*Note: I wrote this sometime last Summer and have no idea why I didn’t post it. Probably over- thinking as usual. Which is ironic considering the message here.
I moved to Nashville in 2003 and have (by accident) met a lot of people in the music business. I’ve run into Keith Urban and Nicole Kidman at breakfast, met Marty Stuart in a dark alley, and even got to hang out with Lou Reed in his dressing room. Everywhere you turn in this town you’re liable to run into someone, but I kept waiting for a chance meeting with the one person that genuinely impacted my passions in life.
Bernie Taupin is Elton John’s lyricist, and legitimately one of the few people (living or dead) I would want to join for dinner. His words have moved me since I was 10 years old. Back in college, my good friend Tim and I would would listen to Elton John until 5 in the morning while trading off balance high fives and screaming, “Taupin!” after a great lyric.
I’ve never technically pursued writing as a career, but it’s deep in my bones. I’m quite sure lyrics like these have a lot to do with that:
He was born a pauper to a pawn on a Christmas day
When the New York Times said God is dead
And the wars begun
Alvin Tostig has a son today
and from Don’t Let the Sun Go Down On Me . . .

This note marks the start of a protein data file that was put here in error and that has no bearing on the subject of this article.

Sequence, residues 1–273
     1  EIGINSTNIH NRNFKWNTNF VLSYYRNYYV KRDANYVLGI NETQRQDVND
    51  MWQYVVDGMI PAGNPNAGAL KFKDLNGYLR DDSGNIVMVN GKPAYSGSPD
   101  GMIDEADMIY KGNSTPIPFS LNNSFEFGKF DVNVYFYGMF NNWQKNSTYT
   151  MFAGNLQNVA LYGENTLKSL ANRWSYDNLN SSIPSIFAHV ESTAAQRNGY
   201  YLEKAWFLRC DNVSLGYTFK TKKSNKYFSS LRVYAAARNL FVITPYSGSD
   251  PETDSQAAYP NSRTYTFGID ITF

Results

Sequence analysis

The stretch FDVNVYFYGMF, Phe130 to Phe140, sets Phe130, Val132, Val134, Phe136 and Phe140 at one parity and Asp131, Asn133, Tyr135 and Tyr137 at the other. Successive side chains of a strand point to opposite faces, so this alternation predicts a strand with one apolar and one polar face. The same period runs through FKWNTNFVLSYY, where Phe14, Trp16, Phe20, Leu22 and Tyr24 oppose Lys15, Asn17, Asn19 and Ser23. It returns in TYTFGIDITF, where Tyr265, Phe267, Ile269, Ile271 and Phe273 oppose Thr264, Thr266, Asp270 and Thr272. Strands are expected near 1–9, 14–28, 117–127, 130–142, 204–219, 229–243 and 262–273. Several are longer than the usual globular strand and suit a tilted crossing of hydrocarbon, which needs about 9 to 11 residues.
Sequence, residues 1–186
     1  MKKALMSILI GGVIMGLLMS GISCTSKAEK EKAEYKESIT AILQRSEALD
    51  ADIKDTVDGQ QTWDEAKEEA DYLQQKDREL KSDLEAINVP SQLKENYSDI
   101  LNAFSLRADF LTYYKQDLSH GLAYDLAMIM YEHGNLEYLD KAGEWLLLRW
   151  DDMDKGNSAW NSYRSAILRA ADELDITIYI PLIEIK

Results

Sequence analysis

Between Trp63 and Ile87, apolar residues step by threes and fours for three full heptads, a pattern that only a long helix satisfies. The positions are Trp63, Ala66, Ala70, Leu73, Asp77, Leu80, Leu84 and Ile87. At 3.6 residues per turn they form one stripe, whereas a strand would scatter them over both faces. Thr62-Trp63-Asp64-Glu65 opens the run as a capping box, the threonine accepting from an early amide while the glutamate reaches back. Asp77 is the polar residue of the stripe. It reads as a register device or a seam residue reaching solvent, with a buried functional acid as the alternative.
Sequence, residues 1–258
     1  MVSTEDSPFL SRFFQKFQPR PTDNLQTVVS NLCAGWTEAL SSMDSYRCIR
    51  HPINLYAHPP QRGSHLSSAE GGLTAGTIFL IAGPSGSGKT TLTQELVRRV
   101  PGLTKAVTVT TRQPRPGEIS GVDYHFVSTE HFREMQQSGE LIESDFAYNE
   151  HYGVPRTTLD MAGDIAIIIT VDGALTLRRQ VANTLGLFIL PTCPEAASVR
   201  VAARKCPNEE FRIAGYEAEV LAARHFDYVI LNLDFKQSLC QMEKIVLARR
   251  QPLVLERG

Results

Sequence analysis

I can’t light no more of your darkness
All my pictures seem to fade to black and white
I’m growing tired and time stands still before me
Frozen here on the ladder of my life
Taupin paints a picture. He creates a feeling. And somehow his words are universal. He is a brilliant example of someone who understands the human condition and I think there is a lesson there for athletes.
Connect with your mind and body, then let it flow.
So many athletes I know, including me, get trapped in the past, or the potential pain of the future instead of embracing the energy in the moment. It’s one thing to have a target, quite another to get consumed with the end and forget what it takes to get there.
Yesterday, I finally met Bernie Taupin and I was a bumbling idiot. He was in town in support of his painting exhibit and I had a zillion questions, but couldn’t come up with one. He was thinking about today and I was consumed with the past. It made for a rather awkward exchange and I feel like my confusion was symbolic what often happens during training . . . or life for that matter.
I’m sure Bernie’s best lyrics (and paintings) come when he is in a zone. Writing without letting his mind get in the way of progress. He was probably the guy scribbling in his notepad while the teacher rambled on about stuff that didn’t matter. To Taupin, what mattered was writing, so he wrote.
The best artists don’t get caught in premature optimization, they get to work. They spend countless hours on their craft and trust that preparation will pay off when it matters. Athletes should look at training the same way. You can only do so much “planning” for the actual race. What happens on race day, is a direct result of what you do today.
Here I am on the right with our reporter Stephanie Langston in the middle and the legendary Bernie Taupin with his art.